Frequently Asked Questions
These FAQs are a work in progress, and a result of many questions/issues asked of me over years of practice. They are not in a particular order, so scroll through as they are added.
Does the Buyer Have to Have a 20 Percent Down Payment?
No. It is up to the buyer to decide how much money to put down, or the best type of mortgage loan to have. Different loan types (conventional, FHA, VA), credit score, and buyer's resources are parts of the decision about down payment which should be part of the buyer's discussion with the lender and Realtor.
Does the Seller Determine the Buyer's Down Payment?
No. However, the seller may have certain needs such as closing date and net funds at close which could be impacted by the buyer's type of loan, these are factors the buyer should be aware of when submitting an offer.
I'm Not Planning on Selling Now or In the Near Future. Why Do I Need a Home Valuation Report from You?
You might be able to get rid of your private mortgage insurance (PMI); to make sure your homeowner's insurance covers your property's full value; to lower your property taxes if your value has fallen since you bought; find out how much equity you've built up in case you want a home equity line of credit (HELOC); know your current market value just in case you re-evaluate the market and decide it's a good time to sell.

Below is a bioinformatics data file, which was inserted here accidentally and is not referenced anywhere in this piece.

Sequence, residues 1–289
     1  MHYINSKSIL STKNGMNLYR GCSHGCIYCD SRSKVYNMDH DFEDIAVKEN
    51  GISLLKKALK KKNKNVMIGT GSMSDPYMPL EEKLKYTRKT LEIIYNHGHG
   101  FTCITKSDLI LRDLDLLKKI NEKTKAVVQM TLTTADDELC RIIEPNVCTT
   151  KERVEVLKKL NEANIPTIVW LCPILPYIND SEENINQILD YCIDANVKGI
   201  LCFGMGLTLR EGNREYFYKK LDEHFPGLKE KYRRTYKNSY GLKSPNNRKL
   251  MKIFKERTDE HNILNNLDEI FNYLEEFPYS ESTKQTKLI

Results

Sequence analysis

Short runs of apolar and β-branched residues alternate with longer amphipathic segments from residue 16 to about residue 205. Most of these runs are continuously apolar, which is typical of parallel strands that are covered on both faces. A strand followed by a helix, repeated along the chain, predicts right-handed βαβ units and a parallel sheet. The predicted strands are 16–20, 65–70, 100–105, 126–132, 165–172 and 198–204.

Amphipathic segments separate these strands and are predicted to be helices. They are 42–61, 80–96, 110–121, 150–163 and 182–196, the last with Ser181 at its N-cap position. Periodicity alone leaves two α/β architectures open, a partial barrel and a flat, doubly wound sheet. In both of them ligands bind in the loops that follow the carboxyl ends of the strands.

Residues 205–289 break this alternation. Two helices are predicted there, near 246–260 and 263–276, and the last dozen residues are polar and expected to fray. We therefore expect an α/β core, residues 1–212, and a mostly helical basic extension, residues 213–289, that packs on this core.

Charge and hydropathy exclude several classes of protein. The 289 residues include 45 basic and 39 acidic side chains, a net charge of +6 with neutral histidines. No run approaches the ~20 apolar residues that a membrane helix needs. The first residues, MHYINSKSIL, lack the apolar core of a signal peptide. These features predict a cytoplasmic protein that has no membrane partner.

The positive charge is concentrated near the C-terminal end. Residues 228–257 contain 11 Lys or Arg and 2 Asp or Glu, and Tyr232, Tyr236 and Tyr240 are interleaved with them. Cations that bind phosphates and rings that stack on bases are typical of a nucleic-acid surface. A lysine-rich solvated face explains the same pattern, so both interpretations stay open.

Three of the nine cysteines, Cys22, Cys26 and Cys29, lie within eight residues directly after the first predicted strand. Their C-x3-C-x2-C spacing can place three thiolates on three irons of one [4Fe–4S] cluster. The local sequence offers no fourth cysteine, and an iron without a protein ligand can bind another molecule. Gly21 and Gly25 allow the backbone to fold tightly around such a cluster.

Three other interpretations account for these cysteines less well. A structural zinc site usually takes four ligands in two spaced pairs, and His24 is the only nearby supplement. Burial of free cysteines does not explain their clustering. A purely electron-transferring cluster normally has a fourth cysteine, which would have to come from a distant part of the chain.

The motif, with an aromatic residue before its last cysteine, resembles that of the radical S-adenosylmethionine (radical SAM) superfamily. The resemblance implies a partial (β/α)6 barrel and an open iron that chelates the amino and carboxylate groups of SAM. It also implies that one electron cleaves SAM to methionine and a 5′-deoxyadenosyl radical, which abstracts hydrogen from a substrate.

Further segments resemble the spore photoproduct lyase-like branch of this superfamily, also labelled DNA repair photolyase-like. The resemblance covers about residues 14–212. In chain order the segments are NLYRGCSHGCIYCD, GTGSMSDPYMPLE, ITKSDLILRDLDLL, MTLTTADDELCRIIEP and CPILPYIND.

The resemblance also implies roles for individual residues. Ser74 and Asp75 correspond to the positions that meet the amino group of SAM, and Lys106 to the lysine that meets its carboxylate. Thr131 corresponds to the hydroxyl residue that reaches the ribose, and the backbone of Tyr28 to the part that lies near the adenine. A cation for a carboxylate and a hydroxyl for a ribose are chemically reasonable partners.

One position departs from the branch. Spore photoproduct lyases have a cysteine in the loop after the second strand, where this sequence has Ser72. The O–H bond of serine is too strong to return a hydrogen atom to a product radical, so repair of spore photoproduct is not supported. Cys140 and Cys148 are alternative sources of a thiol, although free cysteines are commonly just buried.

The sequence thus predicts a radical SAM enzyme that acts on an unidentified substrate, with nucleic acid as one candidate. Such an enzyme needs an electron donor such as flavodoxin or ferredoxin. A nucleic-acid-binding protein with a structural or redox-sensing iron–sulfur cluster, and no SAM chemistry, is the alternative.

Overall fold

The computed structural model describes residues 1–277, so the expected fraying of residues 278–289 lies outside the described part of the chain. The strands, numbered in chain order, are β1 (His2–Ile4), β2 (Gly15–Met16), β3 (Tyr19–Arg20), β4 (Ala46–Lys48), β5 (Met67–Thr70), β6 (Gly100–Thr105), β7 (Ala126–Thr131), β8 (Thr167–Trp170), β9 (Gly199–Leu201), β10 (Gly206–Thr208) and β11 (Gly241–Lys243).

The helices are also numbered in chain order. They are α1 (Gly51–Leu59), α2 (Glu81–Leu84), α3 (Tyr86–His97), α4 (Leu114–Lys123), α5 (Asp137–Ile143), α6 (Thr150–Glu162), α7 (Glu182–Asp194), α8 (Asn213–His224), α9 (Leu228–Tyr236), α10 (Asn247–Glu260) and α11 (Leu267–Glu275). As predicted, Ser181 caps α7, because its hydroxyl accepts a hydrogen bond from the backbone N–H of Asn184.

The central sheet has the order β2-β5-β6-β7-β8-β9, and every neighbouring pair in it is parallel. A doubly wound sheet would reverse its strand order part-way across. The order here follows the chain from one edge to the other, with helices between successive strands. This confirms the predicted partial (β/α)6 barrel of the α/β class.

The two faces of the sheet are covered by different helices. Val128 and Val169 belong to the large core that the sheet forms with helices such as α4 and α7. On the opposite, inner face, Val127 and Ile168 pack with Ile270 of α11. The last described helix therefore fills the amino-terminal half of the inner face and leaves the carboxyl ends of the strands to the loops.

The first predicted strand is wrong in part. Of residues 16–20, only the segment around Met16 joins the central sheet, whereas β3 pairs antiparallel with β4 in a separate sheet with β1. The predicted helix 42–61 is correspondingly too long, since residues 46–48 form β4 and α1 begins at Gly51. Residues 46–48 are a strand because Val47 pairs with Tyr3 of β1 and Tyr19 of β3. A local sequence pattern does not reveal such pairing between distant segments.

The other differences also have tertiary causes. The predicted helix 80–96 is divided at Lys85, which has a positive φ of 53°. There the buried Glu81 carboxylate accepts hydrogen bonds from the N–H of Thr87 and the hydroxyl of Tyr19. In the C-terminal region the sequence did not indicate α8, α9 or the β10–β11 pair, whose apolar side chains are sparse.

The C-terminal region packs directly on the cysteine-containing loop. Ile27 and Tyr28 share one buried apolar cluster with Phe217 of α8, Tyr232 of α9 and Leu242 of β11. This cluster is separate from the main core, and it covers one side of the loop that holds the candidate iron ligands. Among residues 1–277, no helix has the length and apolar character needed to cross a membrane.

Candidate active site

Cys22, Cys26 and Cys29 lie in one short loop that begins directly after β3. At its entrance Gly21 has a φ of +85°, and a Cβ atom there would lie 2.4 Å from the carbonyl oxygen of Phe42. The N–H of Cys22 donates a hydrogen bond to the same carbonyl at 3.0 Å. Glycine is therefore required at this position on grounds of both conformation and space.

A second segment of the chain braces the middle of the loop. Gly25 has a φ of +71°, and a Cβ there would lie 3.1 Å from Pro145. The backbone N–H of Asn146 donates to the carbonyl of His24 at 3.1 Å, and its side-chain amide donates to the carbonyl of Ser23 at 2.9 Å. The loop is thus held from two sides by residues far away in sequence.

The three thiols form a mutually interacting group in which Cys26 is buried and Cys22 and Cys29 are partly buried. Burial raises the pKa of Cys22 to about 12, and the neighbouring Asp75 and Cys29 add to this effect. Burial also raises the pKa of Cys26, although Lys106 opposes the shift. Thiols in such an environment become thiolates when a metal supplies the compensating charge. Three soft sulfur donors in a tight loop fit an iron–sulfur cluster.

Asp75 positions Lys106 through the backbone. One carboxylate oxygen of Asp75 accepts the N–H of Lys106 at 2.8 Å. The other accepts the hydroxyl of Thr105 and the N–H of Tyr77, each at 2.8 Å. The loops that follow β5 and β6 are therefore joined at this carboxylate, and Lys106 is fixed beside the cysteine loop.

Why Do I Have to Negotiate and Sign an Offer With a Seller Before I Can Even Get Into the Property? I Just Want to See It.
Although this seems like a lot of extra work, the seller is asking this of serious buyers, and it's usually because the property is tenant occupied, and the seller has certain obligations towards tenants. The written offer is being made including the terms "subject to inspection", or "subject to", which means if you don't approve it after seeing it, you are not obligated to go further towards a purchase. Plus, in the current COVID-19 environment, local/county/state law has certain regulations, for everyone's protection. While I don't enjoy this, the current (2020) regulations have viewing requirements for properties which are a protection for both buyer and seller. It won't last forever.
The Physical Inspector Wrote a Whole Bunch of Recommendations On His (or Her) Report--Isn't the Seller Supposed to Do All of Them?
Not unless it's agreed to in writing between you and the seller. The buyer's inspector's job is to point out the condition(s) of the property, and he/she is free to make recommendations to the buyer, who is the party requesting and paying for the inspection.
Do I, the Buyer, have to do a physical inspection?
No. There is no legal requirement for the buyer to hire a professional physical inspector, but it's highly recommended. A home is a huge investment, and the buyer should find out within his/her normal abilities as much as possible as part of their buyer investigations during escrow. If I'm your Realtor, I will be requesting you to sign a waiver if you choose not to do one.
I went through a foreclosure a few years ago, will I ever be able to buy again?
This happened to a lot of people, but yes, you will be able to buy again. Currently in 2020, if you are interested in an FHA loan, you may obtain a mortgage 3 years after the foreclosure was finalized, a two year wait for a VA loan, and if you are getting a conventional loan, that will usually require 7 years. An experienced lender will be able to tell you in greater detail about extenuating circumstances and how to qualify after a short sale or foreclosure.